Effective communication system (radio or telephone) and reliable 24 hour transport service for emergency transfer to hospital … Ensure dedicated telephonic linkages for consultation for emergencies between referring and referral site are available. (SBAR charts).12

The expected communication requires intercollegial interactions to always be conducted in a respectful and professional manner. The communicator is required to be clear and upfront regarding the reason for calling the senior practitioner:

Intercollegial interactions should always be conducted in a respectful and professional manner.13

All data regarding the management of the intrapartum period was expected to be entered into the partogram with specific description of the required entry of information for progress of labour, condition of the mother and the condition of the foetus:

All observations pertinent to the progress of labour and the condition of the mother and the foetus during labour must be recorded on the partogram in the prescribed manner and intervals.14

Although the ISBAR was recommended for use during the referral of the woman, the partogram was also expected to be used for communication, and all information regarding the communication clearly written up on the reverse side of the partogram:

The professional taking action or phoning the next level of health management, must clearly document the actions on the reverse side of the observation chart …12

The expected communication required professionals to use precise, accurate and appropriate documentation in order to communicate effectively.

Expected referral

The expected referral required a reliable mode of transport referral routes and appropriate communication processes. Protocols were required to streamline the routes whilst monitoring the referral processes:

A well-coordinated referral system, with access to transport and facilities, is essential for the provision of optimal care to all pregnant women in the district; it is essential to have in place a referral system with clear protocols of management, referral, transport and responsibility.13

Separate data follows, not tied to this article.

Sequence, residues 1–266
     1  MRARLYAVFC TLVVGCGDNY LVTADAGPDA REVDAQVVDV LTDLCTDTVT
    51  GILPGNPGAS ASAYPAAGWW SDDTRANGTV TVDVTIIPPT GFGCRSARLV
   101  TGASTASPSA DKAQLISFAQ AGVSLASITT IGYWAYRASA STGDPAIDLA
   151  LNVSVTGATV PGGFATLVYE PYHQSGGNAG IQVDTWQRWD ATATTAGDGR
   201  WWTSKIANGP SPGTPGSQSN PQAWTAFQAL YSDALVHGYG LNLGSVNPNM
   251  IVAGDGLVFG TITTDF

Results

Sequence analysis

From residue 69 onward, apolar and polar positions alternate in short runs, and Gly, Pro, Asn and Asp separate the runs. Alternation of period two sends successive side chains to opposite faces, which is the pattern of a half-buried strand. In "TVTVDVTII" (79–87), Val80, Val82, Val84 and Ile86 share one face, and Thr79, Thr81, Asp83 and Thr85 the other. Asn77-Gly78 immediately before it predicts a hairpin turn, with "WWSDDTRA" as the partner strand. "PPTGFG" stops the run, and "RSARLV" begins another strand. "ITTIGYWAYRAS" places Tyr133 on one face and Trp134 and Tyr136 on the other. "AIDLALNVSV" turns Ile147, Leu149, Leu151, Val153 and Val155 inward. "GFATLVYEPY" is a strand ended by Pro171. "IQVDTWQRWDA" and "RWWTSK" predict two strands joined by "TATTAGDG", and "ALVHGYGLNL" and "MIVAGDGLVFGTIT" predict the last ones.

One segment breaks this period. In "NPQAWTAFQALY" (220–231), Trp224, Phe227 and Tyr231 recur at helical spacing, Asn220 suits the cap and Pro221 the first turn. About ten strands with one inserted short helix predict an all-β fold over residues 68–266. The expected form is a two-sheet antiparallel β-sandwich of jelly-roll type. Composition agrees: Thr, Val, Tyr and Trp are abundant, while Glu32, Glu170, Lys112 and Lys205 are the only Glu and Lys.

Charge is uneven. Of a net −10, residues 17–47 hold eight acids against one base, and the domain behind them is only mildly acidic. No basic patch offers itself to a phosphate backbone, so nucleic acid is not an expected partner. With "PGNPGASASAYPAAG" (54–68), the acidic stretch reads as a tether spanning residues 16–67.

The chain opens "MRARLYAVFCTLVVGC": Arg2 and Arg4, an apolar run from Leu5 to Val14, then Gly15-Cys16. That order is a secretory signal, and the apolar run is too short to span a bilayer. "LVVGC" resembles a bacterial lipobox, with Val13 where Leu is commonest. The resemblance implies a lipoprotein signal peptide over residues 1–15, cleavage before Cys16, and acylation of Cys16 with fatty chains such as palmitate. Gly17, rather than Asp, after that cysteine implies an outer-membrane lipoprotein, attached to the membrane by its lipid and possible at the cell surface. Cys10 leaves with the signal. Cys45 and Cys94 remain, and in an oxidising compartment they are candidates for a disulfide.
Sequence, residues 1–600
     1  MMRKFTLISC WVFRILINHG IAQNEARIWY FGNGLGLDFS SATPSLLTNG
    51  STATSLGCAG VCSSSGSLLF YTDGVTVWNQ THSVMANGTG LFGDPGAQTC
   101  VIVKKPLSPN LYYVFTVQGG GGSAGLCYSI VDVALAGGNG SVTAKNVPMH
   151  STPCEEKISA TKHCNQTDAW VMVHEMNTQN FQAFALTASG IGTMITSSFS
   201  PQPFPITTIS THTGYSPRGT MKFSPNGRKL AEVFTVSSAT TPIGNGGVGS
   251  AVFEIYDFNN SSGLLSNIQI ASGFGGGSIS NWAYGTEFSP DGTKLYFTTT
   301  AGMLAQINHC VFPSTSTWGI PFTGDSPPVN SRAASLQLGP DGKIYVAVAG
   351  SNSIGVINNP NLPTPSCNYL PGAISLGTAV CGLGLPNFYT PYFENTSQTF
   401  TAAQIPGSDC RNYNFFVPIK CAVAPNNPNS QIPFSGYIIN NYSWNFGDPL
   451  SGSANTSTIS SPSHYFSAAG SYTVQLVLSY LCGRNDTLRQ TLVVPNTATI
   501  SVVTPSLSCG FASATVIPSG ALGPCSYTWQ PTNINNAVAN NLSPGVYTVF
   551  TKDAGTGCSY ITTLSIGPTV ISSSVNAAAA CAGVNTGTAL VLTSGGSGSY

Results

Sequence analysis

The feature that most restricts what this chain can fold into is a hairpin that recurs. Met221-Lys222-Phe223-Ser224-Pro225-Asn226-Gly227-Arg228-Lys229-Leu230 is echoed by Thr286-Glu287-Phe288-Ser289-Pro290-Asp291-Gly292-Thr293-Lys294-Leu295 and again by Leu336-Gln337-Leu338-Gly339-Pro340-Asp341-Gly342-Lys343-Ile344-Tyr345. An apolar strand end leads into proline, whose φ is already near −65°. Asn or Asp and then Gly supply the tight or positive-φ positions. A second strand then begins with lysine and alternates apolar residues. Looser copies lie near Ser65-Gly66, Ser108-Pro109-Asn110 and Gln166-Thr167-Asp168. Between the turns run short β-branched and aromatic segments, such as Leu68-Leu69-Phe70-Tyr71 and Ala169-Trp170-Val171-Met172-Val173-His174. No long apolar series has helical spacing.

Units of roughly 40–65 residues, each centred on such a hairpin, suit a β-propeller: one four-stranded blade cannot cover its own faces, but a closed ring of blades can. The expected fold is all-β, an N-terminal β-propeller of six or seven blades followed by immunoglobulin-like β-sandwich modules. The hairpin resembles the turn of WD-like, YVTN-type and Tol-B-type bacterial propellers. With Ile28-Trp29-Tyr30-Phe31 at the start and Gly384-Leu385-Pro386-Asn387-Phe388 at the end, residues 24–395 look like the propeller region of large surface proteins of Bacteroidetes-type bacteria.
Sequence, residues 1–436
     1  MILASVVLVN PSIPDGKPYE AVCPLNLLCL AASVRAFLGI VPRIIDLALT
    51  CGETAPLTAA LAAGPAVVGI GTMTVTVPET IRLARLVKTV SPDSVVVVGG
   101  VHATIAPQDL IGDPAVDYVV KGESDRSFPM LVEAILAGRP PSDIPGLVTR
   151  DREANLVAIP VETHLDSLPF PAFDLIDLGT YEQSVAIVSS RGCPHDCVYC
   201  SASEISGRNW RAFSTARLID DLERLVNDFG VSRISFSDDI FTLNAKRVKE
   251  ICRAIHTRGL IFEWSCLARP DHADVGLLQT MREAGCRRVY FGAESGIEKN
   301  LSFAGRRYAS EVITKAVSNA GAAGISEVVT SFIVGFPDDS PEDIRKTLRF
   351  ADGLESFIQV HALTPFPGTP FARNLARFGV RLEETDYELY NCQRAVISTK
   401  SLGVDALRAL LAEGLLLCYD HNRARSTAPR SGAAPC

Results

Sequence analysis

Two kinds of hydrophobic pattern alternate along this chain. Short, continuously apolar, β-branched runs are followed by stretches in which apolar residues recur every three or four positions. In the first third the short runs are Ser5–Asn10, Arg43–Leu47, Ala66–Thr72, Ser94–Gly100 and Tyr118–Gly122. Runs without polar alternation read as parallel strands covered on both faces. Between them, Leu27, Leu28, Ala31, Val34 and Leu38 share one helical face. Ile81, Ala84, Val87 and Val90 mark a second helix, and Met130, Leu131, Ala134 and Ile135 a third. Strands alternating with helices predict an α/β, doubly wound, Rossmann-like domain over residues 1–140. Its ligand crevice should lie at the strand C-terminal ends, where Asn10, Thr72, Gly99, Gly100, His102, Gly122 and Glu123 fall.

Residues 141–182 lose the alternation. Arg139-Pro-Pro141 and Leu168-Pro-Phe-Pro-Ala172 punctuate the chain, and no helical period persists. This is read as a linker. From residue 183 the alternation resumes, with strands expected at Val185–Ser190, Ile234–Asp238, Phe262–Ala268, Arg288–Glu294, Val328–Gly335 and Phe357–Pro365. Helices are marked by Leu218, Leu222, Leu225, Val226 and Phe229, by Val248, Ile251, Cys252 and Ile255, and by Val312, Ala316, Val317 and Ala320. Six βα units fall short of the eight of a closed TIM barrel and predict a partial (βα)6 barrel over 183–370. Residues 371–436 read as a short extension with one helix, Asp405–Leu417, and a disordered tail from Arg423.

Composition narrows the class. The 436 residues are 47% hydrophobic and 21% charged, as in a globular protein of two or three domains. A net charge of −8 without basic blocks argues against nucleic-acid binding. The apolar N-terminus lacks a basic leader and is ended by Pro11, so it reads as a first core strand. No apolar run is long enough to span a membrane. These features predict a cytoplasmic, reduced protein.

An expected solution for mistakes during referrals was also suggested as the responsibility of the doctor at the referring level of care. It is her or his responsibility to contact the next level of care and communicate that information with the referring midwife. It was also recommended that the consultant in the higher level of care should resolve any disputes that arise during the referrals.

Theme Actual information communication processes: Activities involved in the information communication processes

All SBAs viewed communication as essential for the coordination of work activities within each unit and had developed a culture that was understood by the other members. The handover process, collaborative information seeking, information communicated and referral processes were the categories emerging under this theme.

Actual handover process in the midwifery obstetric units

The critical role of the handover process in the management of women during the intrapartum period was, by and large, the first statement expressed by midwives when asked about a day whilst on duty. The handover process involved the entry point for information exchange between shifts that enabled midwives to gain insight to the women already in the labour ward:

‘We go from bed to bed we discuss in detail if it's a post-partum woman, what has happened from when she came in through the labour, if there were any difficulties, focus on that, and when they leave you take over the woman and you go on.’ (P1:3)